It’s one of those days where I can see (faintly and smudgy against the horizon) where the idea that being a restaurant manager is glamorous comes from. My day starts languidly, rolling out of bed at 9:30am. I lounge in the sunshine on the back deck before jumping in the shower. Tossing around the desire for coffee, the need to answer emails, and a strong sense that I’d rather avoid doing the dishes, I find myself at my favourite coffee shop for breakfast.
Chicken tacos and americano in hand I busy myself with a few small pieces of business, sun glasses on to avoid the glorious August glare. By 11:00am I’m at the Laurel Point Inn. Here for a fairly exclusive wine tasting, I am introduced to the owner of Poplar Grove, and we settle down for an hour of education, sampling, and food pairing. There are only seven of us in the room: the vineyard owner, our sales rep, and 5 restaurant managers. We taste an array of wines from white to distinctively BC reds.
Noon time finds me back in the car, this time en route to work. Stopping to pick up several cases of wine, there is time for a quick phone call with another supplier to sort out details of an incoming order. A text message reassures me that the restaurant is holding it together over lunch (mostly it does, but other days it unwinds abruptly, all in one go, with a force that is hardly describable.)
At work there is just enough time to place a very large liquor order, sort out a shift coverage for a sick staff member and then head into the afternoon’s meeting. With enough time for a manicure before dinner (?!) the feeling of being superbly pampered in this moment is complete.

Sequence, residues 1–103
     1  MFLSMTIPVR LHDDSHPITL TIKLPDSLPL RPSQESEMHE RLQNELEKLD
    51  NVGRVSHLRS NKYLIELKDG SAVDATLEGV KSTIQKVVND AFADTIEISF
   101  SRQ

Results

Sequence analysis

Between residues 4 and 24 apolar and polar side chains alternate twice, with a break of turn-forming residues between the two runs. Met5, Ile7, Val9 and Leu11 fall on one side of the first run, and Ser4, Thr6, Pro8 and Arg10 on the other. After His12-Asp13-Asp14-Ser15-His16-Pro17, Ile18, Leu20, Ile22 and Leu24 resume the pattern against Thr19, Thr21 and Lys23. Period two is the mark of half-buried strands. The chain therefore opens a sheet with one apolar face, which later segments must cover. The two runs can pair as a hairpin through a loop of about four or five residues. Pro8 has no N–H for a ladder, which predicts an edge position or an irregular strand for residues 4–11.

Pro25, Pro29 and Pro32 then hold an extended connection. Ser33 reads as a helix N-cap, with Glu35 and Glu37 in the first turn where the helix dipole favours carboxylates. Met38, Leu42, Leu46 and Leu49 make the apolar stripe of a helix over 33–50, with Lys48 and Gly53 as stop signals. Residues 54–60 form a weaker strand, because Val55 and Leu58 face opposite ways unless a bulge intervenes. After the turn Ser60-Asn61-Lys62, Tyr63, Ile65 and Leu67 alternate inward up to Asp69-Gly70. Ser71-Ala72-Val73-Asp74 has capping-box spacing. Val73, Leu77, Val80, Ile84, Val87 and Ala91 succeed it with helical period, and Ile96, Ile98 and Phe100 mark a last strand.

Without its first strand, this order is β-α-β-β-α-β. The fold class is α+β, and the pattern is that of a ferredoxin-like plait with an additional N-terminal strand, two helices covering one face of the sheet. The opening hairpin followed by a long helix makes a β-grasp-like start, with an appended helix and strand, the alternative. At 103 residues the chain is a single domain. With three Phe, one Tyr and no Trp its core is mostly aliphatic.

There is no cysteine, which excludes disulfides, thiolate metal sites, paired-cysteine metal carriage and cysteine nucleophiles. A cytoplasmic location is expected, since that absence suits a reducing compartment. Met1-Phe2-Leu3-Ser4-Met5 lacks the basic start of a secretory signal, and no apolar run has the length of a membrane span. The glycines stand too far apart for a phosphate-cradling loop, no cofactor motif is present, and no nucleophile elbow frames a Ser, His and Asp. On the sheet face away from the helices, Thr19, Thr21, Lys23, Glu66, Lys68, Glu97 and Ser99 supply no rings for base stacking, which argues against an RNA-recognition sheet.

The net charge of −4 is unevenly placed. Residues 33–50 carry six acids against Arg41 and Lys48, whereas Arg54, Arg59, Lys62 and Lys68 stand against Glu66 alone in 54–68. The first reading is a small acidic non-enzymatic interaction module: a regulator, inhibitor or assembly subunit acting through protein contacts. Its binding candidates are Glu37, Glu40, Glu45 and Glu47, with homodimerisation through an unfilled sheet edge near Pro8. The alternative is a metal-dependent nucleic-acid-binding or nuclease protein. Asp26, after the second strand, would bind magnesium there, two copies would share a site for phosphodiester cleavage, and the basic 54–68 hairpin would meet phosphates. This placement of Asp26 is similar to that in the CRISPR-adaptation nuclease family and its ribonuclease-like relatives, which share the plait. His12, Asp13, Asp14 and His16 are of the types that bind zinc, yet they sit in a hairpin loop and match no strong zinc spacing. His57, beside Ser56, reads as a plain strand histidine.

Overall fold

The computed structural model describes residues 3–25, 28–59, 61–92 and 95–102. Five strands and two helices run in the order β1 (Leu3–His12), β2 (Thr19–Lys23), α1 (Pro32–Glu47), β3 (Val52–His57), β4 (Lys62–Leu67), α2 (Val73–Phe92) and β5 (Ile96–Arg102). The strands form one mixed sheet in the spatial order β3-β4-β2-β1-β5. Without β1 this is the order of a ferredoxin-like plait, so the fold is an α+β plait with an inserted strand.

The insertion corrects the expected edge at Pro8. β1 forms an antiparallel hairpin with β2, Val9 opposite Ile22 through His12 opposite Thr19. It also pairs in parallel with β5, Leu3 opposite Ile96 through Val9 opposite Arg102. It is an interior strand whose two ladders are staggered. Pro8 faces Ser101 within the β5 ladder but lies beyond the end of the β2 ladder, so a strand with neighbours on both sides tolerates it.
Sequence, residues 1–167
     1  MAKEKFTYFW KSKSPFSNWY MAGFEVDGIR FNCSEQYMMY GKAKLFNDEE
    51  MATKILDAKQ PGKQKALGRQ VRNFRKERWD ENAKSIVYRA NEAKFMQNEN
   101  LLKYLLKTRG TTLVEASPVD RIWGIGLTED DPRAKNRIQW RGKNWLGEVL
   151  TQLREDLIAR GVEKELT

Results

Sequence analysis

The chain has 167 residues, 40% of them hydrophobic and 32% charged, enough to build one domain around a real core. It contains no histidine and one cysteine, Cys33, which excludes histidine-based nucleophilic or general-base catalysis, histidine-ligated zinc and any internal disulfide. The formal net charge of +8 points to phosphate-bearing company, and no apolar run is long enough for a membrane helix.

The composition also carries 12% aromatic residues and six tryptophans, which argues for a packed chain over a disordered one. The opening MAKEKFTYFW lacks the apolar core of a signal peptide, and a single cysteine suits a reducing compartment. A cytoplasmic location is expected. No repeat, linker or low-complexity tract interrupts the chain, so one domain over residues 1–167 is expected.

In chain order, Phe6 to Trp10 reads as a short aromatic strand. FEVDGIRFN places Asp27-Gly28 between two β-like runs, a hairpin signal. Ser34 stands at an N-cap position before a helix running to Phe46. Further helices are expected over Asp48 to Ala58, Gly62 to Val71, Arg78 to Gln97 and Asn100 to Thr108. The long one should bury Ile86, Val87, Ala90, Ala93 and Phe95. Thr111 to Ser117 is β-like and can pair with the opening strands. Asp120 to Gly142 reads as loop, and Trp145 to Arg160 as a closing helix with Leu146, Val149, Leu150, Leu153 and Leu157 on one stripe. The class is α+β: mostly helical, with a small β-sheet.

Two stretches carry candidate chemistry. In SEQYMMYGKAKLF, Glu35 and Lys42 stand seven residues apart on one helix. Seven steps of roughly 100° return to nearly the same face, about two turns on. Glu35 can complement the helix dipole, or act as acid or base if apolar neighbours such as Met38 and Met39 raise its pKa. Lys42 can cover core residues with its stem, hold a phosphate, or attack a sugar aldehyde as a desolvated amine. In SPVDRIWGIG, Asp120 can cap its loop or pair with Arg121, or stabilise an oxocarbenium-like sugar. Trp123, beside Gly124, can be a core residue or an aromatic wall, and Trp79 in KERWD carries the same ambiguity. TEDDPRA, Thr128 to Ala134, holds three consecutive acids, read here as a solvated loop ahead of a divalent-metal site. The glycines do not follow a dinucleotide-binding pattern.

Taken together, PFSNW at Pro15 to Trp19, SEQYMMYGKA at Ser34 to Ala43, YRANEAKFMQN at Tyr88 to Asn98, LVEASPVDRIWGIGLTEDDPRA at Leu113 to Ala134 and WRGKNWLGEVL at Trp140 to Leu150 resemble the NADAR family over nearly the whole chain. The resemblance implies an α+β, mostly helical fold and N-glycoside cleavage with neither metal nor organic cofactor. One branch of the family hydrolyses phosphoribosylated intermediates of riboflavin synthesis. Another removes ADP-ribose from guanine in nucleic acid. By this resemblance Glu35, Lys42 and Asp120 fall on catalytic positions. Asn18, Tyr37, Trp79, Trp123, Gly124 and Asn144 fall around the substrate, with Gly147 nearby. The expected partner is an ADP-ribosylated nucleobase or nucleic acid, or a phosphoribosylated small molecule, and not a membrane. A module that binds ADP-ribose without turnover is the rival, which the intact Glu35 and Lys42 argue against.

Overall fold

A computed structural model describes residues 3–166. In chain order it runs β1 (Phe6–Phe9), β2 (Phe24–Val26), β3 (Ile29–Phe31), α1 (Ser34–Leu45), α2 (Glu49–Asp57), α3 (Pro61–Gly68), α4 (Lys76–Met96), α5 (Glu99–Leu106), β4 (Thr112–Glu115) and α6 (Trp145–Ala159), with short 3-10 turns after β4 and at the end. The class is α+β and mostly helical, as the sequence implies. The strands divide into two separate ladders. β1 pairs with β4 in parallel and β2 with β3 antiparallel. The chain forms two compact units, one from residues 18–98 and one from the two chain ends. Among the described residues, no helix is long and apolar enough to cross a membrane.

Service is easy tonight. Everywhere I look there are guests enjoying themselves, servers quietly moving here then there, food being cooked in unthinkably reasonable amounts of time. I breathe deeply, put ear phones in and settle down to answer emails. My singular focus is broken slightly by my bar manager brainstorming new cocktails beside me. He’s been on vacation so we catch up on the past week and the upcoming menu change. We settle on a design for the layout of the menu, discuss the pro’s and con’s of fermenting our own Kombucha, chit chat idly about the price of wine.
The pager on my waistband vibrates, signalling that someone somewhere on the floor needs me. In a beautiful moment of pride at our teamwork, it is not truly me that is needed, but simply a pair of hands to smooth the transitions between tables. Moving quietly to a few tables who are in immediate need, my presence is soft back ground noise in the Dining Room while the Pub flies solo, completely self sufficient for the evening.
Without even looking at a to-do list I gather my things, quietly eat sushi at the bar, and find my way our into the dusk of the evening, chocolate truffle in hand.